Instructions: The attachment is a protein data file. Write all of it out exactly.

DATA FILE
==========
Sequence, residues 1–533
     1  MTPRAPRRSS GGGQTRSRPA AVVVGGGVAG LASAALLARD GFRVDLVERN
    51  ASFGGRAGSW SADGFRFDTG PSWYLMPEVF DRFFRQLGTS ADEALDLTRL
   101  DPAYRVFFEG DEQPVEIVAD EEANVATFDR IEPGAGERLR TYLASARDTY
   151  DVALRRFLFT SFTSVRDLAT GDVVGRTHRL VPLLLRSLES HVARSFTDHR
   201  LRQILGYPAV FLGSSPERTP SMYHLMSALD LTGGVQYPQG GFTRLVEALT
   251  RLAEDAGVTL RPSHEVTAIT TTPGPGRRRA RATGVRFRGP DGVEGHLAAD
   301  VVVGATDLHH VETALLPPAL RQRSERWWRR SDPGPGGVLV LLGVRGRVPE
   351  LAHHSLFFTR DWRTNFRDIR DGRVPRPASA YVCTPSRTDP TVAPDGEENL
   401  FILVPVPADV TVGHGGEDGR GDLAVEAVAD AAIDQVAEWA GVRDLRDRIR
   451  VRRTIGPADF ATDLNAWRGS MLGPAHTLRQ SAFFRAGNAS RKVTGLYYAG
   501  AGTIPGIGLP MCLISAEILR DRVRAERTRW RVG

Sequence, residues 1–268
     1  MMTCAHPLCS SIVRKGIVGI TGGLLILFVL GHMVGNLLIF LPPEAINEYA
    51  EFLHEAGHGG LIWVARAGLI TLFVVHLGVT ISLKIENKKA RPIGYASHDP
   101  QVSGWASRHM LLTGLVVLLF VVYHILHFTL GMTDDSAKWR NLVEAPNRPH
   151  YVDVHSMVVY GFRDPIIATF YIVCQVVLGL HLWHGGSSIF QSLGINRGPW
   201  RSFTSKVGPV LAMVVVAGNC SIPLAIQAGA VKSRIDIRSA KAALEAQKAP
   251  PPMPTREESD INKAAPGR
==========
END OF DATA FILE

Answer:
Sequence, residues 1–533
     1  MTPRAPRRSS GGGQTRSRPA AVVVGGGVAG LASAALLARD GFRVDLVERN
    51  ASFGGRAGSW SADGFRFDTG PSWYLMPEVF DRFFRQLGTS ADEALDLTRL
   101  DPAYRVFFEG DEQPVEIVAD EEANVATFDR IEPGAGERLR TYLASARDTY
   151  DVALRRFLFT SFTSVRDLAT GDVVGRTHRL VPLLLRSLES HVARSFTDHR
   201  LRQILGYPAV FLGSSPERTP SMYHLMSALD LTGGVQYPQG GFTRLVEALT
   251  RLAEDAGVTL RPSHEVTAIT TTPGPGRRRA RATGVRFRGP DGVEGHLAAD
   301  VVVGATDLHH VETALLPPAL RQRSERWWRR SDPGPGGVLV LLGVRGRVPE
   351  LAHHSLFFTR DWRTNFRDIR DGRVPRPASA YVCTPSRTDP TVAPDGEENL
   401  FILVPVPADV TVGHGGEDGR GDLAVEAVAD AAIDQVAEWA GVRDLRDRIR
   451  VRRTIGPADF ATDLNAWRGS MLGPAHTLRQ SAFFRAGNAS RKVTGLYYAG
   501  AGTIPGIGLP MCLISAEILR DRVRAERTRW RVG

Sequence, residues 1–268
     1  MMTCAHPLCS SIVRKGIVGI TGGLLILFVL GHMVGNLLIF LPPEAINEYA
    51  EFLHEAGHGG LIWVARAGLI TLFVVHLGVT ISLKIENKKA RPIGYASHDP
   101  QVSGWASRHM LLTGLVVLLF VVYHILHFTL GMTDDSAKWR NLVEAPNRPH
   151  YVDVHSMVVY GFRDPIIATF YIVCQVVLGL HLWHGGSSIF QSLGINRGPW
   201  RSFTSKVGPV LAMVVVAGNC SIPLAIQAGA VKSRIDIRSA KAALEAQKAP
   251  PPMPTREESD INKAAPGR